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Wednesday, September 25, 2013

Countdown: Our Last, Best Hope for a Future on Earth?

I have been an Alan Weisman fan since he released The World Without Us many years ago. Soooo when I found out his latest, Countdown: Our Last, Best Hope for a Future on Earth? was coming out I almost peed my pants with utter excitement. (Ok, maybe that's a bit hyperbolic, but I was super excited nonetheless.)

What are the chances for the future of humanity if we continue populating the world without focused regard to the resources available to us? This question is at the heart of Weisman's diverse exploration of how much the earth and its ecosystems can sustain before collapsing under the sheer obesity of human existence. Weisman leaves no stone unturned; he visits more than 20 countries and explores a multitude of cultures, religions, governments, and the like in order to explore what are belief systems, lifestyles, and underlying politics of population and how these affect both our current life and our future on this planet. 

In the interest of full disclosure, I am madly in love with Alan Weisman. No, I have never met the man, but I am so floored and in complete awe of what he does that I find it impossible not to fall head over heels. He takes a subject that could be so incredibly boring if put in the wrong hands and spins it into a tale of horror, greed, and disregard that ultimately ends with a glimmer of hope. Who does that??? Alan Weisman does.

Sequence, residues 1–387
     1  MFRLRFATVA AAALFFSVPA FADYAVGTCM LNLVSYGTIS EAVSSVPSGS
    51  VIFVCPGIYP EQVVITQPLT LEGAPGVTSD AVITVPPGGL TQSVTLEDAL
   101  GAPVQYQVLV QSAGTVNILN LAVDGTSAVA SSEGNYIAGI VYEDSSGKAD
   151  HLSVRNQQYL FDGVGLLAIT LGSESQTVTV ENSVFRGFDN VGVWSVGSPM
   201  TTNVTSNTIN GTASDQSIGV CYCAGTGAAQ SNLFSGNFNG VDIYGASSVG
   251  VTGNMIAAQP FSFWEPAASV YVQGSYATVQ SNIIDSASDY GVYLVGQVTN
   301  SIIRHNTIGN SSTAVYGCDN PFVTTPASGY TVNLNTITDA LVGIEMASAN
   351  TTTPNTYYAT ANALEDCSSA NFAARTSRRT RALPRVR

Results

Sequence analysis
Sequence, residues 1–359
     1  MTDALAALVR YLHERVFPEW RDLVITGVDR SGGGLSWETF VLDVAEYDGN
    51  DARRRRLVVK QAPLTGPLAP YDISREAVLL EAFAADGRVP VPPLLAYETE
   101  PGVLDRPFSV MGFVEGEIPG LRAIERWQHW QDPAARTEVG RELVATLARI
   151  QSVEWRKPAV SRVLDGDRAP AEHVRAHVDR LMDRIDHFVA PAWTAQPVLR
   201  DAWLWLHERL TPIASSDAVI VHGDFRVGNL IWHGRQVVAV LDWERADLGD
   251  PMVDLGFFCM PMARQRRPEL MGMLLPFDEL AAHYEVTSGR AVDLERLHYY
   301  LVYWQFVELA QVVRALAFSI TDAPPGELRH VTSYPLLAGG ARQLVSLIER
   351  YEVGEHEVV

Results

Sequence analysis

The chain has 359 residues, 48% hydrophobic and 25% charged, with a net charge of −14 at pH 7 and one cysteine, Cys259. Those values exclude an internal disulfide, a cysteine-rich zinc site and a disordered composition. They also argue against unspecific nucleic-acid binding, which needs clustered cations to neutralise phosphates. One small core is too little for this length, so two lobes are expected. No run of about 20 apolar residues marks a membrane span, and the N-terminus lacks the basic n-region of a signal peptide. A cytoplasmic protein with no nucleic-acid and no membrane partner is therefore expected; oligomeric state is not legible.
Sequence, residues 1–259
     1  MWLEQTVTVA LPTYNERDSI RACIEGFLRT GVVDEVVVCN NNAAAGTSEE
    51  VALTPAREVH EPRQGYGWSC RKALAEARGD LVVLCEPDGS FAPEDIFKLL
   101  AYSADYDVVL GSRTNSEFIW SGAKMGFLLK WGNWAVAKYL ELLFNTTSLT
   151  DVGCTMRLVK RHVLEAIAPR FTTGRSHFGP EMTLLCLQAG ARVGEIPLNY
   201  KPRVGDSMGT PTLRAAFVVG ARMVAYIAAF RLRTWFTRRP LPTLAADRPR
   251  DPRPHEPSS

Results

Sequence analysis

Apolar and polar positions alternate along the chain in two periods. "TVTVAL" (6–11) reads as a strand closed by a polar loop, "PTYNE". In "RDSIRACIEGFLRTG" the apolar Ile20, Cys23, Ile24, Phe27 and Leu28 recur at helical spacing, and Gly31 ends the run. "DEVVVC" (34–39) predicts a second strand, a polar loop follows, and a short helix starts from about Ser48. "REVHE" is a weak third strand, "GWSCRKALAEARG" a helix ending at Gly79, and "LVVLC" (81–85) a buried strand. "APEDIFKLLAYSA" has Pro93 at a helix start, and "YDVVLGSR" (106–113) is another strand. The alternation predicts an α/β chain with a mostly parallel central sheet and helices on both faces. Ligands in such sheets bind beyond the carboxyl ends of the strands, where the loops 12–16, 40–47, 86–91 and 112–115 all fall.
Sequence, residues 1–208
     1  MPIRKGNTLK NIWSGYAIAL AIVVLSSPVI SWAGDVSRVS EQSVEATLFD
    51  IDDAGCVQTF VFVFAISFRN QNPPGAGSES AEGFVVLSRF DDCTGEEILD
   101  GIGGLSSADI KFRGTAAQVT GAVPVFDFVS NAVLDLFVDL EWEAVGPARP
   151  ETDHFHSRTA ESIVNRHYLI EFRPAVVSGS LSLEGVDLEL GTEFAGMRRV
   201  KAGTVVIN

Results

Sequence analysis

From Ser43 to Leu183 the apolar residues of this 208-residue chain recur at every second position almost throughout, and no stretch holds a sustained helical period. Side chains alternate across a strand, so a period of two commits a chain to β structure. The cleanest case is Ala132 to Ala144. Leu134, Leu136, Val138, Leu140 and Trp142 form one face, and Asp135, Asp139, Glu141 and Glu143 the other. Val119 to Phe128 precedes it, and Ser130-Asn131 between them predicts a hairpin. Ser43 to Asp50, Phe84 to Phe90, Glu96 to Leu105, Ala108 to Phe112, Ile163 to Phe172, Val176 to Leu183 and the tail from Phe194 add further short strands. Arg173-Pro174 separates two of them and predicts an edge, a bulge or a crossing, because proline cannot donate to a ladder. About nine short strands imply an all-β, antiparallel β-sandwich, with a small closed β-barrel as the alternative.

I read The World Without Us long before I had this gem of a blog so there is no review of it here, but I felt the same way after putting down his first book. After closing the book after each section of Countdown I read (because it's a long one!), I just had to sit for a bit. I had to mull over what I just read, think about it, chew on it, and come to a conclusion about how I felt. Weisman has such pathos for his subjects while still being gut-wrenchingly honest, and I had to think after each section how I felt about what he just portrayed. He writes as though you are reading a novel, and it's hard to walk away to do things that you need to do in everyday life. Like laundry or eating food. I love his portrayal of his subjects, never judging but always putting forth honesty and care.

Weisman's books frighten me, but they frighten me into action. They make me ask myself hard questions, such as, "What is my responsibility in repopulating the earth?" I am still thinking long and hard on children, and his argument has a hand in my thought process. I understand the reason that 100+ years ago people had six, seven, ten children; you needed to birth that many in order to have just 2 to 3 live to adulthood. But what does that mean today, in 2013, with an unquestioned increase in quality healthcare (regardless of how you currently feel about our system) and a life expectancy that continues to increase every year. How do I feel about a million children being added to this earth every four days? How does this affect me and what is my responsibility in this? How does all of this affect our ecosystems and in turn, my world? These are all questions that I am still mulling over, and I will be for a while.

I rarely re-read books because I am always wanting to see what's next. I can honest say that I intend to come back to Countdown at least once more before next summer. It deserves an additional go and more thought. It's not just enough to think about it for a week. This book deserves a lifetime of contemplation.

I can only offer you this in a hard copy...but I can also give you the link to his first book in a hard copy! Go ahead and treat yourself. Buy both. xxoo

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